New Legislative Push for Charter School Accountability

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Bills would support Community Schools and hold charter operators to same standards as public schools

Four new legislative bills that would bring much-needed accountability, transparency, and equity to charter schools were introduced in Sacramento this month. The legislation will be joined by an additional bill in coming weeks, forming a package of proposals that would support the creation of Community Schools and hold privately operated charters to some of the same standards as traditional public schools, including ensuring equal access for students and the prohibition of practices that discourage enrollment or push enrolled students out of school. The California Charter Schools Association, the charter school lobby funded by billionaire privatizers, will likely spend millions to oppose the accountability bills because they prefer to operate in an unregulated environment where charter growth is prioritized over all other concerns. UTLA will be organizing in support of the legislation, working with parents and community groups to press Sacramento to pass the bills.

Here’s a quick summary of the four new bills and the critical issues they address.


AB 1360 (Bonta): Equity and Student Access at Charter Schools

Assemblyman Rob Bonta
Assemblyman Rob Bonta

What it would do: AB 1360  would  prohibit discriminatory admissions practices and ensure due process in pupil discipline at charter schools.

Why it’s needed: Like public schools, charter schools should have nondiscriminatory admission policies, as well as suspension and expulsion policies that guarantee all students appropriate due process rights. Any practices that serve to weed out certain children or families are not acceptable and must be eliminated. Charter schools should be required to serve high-need students such as English learners and special education students at the same level as neighborhood public schools.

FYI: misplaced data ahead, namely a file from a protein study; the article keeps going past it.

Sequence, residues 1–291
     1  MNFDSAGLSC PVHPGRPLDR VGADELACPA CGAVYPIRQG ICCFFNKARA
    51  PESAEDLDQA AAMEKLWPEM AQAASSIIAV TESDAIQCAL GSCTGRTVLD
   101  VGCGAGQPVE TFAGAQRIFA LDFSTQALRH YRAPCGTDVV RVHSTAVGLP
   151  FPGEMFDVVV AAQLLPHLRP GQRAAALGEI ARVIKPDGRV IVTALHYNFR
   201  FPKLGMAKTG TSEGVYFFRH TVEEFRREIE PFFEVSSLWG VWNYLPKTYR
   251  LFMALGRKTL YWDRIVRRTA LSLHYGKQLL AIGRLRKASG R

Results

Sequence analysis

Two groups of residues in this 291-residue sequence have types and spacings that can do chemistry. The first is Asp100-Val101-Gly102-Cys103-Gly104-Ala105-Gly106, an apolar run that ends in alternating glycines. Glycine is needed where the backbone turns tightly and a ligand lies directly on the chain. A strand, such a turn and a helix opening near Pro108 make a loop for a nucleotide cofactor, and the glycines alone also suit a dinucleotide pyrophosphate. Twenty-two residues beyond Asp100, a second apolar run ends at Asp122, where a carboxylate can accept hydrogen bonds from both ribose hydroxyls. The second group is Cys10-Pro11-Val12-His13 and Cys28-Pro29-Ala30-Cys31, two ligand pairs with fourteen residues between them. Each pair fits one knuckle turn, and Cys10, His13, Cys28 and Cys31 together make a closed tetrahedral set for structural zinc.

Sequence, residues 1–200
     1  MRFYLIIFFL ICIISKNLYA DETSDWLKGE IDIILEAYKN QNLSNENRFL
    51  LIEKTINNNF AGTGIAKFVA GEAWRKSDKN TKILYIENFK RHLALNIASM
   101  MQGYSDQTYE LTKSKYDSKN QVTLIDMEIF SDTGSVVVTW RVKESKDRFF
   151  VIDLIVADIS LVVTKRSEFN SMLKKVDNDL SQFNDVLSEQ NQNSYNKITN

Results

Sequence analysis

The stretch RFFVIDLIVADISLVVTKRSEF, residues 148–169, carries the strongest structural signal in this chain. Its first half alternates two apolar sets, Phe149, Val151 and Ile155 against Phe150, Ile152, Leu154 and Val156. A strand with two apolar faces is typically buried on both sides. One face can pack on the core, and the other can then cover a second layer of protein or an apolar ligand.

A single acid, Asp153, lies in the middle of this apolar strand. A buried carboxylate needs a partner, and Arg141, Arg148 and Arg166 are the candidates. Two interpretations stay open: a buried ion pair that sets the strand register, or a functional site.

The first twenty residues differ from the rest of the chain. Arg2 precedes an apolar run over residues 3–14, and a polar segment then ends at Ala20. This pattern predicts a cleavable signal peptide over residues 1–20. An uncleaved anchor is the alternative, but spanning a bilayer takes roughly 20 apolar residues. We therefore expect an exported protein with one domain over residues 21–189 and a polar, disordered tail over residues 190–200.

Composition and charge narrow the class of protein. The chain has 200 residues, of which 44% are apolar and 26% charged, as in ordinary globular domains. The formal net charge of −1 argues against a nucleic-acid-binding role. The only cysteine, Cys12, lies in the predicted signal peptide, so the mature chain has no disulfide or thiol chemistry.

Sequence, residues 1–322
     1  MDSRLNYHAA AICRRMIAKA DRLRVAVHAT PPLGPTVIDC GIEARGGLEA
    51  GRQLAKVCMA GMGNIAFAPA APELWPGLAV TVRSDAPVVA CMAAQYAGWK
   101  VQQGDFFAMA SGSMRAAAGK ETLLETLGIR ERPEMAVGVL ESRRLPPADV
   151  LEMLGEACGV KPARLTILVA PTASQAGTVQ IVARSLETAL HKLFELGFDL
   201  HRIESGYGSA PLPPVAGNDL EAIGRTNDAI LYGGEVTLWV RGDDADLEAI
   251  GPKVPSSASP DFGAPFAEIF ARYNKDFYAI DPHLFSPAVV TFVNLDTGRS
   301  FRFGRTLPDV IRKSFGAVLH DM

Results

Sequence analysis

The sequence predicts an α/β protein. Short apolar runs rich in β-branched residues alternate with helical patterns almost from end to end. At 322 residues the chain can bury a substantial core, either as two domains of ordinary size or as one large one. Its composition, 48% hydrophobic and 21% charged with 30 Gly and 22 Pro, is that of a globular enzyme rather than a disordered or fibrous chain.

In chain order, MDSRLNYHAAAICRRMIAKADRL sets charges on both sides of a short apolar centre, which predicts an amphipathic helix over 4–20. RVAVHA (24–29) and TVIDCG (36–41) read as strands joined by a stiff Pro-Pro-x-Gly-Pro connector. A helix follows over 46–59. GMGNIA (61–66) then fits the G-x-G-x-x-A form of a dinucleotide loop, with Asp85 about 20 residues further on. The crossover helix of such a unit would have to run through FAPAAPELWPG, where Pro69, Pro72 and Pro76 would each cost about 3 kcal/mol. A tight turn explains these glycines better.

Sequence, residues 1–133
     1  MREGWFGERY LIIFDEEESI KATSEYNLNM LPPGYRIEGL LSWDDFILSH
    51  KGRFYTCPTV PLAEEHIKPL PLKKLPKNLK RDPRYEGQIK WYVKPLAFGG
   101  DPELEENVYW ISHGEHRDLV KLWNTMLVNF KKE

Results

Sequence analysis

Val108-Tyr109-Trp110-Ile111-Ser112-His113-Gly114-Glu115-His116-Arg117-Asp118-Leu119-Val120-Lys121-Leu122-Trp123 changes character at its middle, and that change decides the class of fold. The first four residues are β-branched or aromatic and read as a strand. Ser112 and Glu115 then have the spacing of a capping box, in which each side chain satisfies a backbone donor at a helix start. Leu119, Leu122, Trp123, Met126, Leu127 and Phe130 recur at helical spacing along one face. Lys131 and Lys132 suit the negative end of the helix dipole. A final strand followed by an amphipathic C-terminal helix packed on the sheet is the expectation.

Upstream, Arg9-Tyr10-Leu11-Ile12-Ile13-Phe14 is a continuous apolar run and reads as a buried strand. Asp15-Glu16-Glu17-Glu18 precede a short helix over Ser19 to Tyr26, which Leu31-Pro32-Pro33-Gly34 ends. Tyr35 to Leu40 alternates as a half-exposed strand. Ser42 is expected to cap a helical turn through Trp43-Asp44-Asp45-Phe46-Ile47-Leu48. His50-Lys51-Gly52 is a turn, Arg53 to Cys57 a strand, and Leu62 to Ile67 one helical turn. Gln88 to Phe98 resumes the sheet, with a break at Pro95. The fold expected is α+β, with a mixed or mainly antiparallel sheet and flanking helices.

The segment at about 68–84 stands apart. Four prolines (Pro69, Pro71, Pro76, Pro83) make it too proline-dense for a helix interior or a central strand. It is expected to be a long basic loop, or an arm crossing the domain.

Contact Assemblymember Rob Bonta - District 18 at

AB 1478 (Jones-Sawyer): Accountability and Transparency at Charter Schools

Assemblyman Reggie Jones-Sawyer

What it would do: AB 1478 expressly states that charter schools and the entities man aging charter schools are subject to the Brown Act (open meetings), Public Records Act (open books), and two laws preventing conflicts of interest: the Political Reform Act and GSBovernment Code 1090.

Why it’s needed: More than $80 million of waste, fraud, and abuse of tax dollars has been documented in California’s charter school environment, which has ultimately hurt our students. Having private and secret meetings to discuss how tax dollars will be spent is not acceptable. This bill also prohibits charter school board members and their immediate families from financially benefiting from their schools. Public schools’ conflict-of-interest laws and disclosure regulations should apply to charter schools that receive public funds.

Contact Assemblymember Reginald Byron Jones-Sawyer, Sr. - District 59 at


SB 808 (Mendoza): Local Control at Charter Schools

Senator Tony Mendoza

What it would do: SB 808 requires that all charter school petitions must be approved by the school board of the school district in which they reside.

Why it’s needed: Because of the significant investment of time and resources to review proposed charter school petitions prior to accepting or rejecting a petition, the local school board is best equipped to make decisions regarding education programs and needs within its jurisdiction. The recent practices of certain county offices of education and the State Board of Education in summarily overruling evaluations of charter petitions by local school boards is undermining the practice of local control, wherein districts develop priorities and plans with input from all stakeholders including parents, students, teachers, and community members.

Contact Senator Tony Mendoza - District 32 at


AB 842 (Gipson): Supporting Community Schools

Assemblyman Mike Gipson

What it would do: AB 842 would fund a Community School model that paves the way to new investments in traditional public schools. 

Why it’s needed: California  should foment the spread of the Community Schools model. Community Schools are fully funded sites that offer equity and access to all, with a well-rounded curriculum, wraparound support services, positive discipline practices, and transformational parent and community engagement. Around the country, Community Schools are having remarkable outcomes, including raising enrollment, attendance, and graduation rates; increasing the number of students  that go on to college; and decreasing the achievement gap, the dropout rate, and chronic absenteeism.

Contact Assemblymember Mike Gipson - District 64 at